A bill would require all new buildings in Albuquerque to be more energy efficient
Global warming, as a concept and point of dialogue, has been reborn. Over the last two years, thanks to hurricanes, rising gas prices and Al Gore, the public discourse about global warming, like so much carbon dioxide in our atmosphere, has risen exponentially. What a few years ago existed simply as an “environmentalists’ issue,” receiving no more attention than topics like deforestation and recycling (which are certainly linked to global warming), is today recognized as the next lurking catastrophe. Suddenly, society is paying attention.
A prolific young writer joins in Albuquerque's newest youth publication
The walls of Andre Infante's bedroom are plastered with rejection letters, but he's no sadist. The form letters are badges of honor in a budding writing career—stepping stones in his journey to publish any one of his seven novels.
For the Record
Red Light Camera Followup
We got a couple of good questions from readers on the red-light camera feature ["No One Likes a Ticket," Jan. 25-31]. We also got some answers for you.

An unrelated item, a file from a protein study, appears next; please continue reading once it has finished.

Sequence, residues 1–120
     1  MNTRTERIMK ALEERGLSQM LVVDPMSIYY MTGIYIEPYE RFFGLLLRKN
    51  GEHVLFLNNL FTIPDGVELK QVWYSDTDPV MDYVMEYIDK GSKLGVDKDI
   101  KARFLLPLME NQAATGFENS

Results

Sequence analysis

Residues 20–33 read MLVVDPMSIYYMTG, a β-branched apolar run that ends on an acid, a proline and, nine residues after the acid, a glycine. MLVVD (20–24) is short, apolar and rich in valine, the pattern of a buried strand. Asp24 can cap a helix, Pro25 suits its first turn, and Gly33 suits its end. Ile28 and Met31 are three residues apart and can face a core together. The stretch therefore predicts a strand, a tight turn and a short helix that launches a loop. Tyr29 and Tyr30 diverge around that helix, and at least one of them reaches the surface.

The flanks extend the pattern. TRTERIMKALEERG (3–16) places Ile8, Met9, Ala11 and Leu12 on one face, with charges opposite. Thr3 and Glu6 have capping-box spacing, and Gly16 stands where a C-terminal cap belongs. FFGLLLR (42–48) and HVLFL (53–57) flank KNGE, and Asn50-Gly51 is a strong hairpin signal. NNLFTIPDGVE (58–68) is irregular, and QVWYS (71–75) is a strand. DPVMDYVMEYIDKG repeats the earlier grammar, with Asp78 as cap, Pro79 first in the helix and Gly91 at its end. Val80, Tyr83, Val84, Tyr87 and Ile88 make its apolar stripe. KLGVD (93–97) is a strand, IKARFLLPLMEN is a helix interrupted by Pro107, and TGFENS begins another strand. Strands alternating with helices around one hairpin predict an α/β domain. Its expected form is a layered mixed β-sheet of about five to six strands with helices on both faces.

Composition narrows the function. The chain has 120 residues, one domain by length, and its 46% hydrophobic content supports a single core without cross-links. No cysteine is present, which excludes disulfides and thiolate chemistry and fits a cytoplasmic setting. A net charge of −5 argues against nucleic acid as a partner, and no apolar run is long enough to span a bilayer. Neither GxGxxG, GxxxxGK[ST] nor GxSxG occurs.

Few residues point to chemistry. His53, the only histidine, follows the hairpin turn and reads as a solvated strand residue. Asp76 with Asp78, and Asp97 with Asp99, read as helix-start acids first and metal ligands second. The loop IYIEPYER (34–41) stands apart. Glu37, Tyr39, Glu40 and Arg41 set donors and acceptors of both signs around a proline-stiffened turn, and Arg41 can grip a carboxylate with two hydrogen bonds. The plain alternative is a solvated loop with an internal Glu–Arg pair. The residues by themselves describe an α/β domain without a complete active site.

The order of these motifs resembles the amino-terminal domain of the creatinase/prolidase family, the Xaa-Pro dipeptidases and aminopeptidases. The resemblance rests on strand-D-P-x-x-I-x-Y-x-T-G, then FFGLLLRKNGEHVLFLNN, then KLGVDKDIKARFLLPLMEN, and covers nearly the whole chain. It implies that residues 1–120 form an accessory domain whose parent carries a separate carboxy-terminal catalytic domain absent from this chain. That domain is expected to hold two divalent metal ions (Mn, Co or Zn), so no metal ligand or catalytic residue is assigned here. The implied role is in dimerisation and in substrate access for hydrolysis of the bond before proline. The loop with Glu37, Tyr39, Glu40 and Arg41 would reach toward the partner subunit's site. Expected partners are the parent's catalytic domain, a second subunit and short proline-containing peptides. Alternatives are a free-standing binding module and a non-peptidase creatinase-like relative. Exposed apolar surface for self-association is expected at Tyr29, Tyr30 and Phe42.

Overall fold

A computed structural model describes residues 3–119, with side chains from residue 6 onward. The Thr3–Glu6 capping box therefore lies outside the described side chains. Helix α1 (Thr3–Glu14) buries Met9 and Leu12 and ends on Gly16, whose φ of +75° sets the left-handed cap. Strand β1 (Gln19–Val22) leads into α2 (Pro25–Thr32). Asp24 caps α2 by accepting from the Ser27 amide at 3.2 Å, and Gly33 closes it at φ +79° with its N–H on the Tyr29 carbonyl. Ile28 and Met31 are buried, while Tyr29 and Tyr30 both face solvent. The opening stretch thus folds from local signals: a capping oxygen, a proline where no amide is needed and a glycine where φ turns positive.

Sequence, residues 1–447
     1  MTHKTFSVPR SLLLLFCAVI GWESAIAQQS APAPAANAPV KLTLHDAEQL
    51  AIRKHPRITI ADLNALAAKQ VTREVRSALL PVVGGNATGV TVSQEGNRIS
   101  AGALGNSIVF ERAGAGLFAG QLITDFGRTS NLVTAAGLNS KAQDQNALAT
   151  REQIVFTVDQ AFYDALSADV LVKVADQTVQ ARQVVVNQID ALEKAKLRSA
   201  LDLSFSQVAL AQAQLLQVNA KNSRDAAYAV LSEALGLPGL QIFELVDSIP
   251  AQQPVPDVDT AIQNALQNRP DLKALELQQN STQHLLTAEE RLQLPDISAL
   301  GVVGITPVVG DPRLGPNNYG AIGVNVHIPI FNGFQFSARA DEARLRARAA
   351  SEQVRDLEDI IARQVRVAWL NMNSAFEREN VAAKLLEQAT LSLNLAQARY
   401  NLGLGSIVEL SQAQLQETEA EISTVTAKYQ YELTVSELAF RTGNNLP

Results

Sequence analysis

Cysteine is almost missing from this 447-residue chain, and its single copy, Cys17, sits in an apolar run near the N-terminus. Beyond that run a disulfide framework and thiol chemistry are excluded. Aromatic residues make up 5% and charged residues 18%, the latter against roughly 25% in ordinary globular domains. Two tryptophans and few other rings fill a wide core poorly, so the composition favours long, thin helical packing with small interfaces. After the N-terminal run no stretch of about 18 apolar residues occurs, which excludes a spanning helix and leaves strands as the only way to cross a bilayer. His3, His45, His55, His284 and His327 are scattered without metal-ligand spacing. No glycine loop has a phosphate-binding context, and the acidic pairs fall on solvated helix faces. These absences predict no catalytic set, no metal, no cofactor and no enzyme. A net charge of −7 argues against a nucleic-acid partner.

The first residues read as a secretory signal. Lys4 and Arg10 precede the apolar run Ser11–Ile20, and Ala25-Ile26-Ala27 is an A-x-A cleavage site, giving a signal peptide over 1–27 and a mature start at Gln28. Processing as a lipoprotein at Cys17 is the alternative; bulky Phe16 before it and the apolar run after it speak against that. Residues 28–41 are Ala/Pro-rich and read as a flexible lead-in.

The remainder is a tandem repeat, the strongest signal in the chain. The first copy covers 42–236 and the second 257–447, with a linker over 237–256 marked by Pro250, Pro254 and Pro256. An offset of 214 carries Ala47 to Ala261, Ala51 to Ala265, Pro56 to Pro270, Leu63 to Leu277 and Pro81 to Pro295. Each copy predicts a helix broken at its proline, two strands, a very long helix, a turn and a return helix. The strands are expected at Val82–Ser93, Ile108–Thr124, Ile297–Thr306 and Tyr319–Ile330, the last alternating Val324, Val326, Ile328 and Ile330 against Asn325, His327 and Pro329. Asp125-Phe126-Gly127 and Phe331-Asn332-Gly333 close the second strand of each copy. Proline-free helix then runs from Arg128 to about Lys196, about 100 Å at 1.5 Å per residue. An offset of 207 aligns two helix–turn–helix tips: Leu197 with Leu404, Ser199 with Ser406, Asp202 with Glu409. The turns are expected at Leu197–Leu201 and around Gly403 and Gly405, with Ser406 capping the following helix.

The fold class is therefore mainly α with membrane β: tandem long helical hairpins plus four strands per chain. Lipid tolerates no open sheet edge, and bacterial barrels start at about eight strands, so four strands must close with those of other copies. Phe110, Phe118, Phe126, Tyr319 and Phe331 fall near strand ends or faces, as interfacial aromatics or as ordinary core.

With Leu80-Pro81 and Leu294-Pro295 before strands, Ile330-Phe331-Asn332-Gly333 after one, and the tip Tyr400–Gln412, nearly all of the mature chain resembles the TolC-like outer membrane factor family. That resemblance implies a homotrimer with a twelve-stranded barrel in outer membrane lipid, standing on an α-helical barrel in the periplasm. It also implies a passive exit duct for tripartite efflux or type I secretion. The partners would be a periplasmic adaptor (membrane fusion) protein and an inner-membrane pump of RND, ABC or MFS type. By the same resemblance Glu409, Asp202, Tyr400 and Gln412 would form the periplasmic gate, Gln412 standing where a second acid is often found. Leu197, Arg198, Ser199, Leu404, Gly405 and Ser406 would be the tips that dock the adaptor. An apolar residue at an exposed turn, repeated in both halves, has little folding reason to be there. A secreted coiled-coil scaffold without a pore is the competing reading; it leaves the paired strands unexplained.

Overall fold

Jessica Cassyle Carr
Some Frequently Asked Questions
On Sea Lions, Space Elevators, Swanson, Lorenzo Lamas and More!
What are some interesting sea mammal facts?
Journal of an Aging Ass—Don't give up on that old braying beast known as the literary magazine just yet. Albuquerque's got a new one that's worth a kick or two.
Ortiz y Pino
A Couple of Uppity Texas Women
What we learned from Molly Ivins and Anna Nicole Smith
All right, class, listen up. Today, in place of our scheduled lecture on American culture at the start of the 21st century, we’ll instead have a brief pop quiz. So put down your BlackBerries, unplug your iPods and shut the lids on your laptops.
Eric J. Garcia
Odds & Ends
Dateline: China--Local officials in China have been criticized for spraypainting a barren mountainside green. Laoshou Mountain, near Fumin in the Yunnan province, was left an eyesore by quarrying. Instead of reforesting the mountainside, officials simply hired seven workers for 45 days to spraypaint it green. Nearby villagers have been driven from their homes by the strong smell of paint, reports City Times. “At first I was glad to see the green mountain, thinking the government was paying more attention to the environment,” local businessman Huang was quoted as saying. “But then I noticed the great contrast with the surrounding mountains.” Another villager complained, “We thought the workers were here to spray pesticides before planting saplings. But it turned out to be green paint.”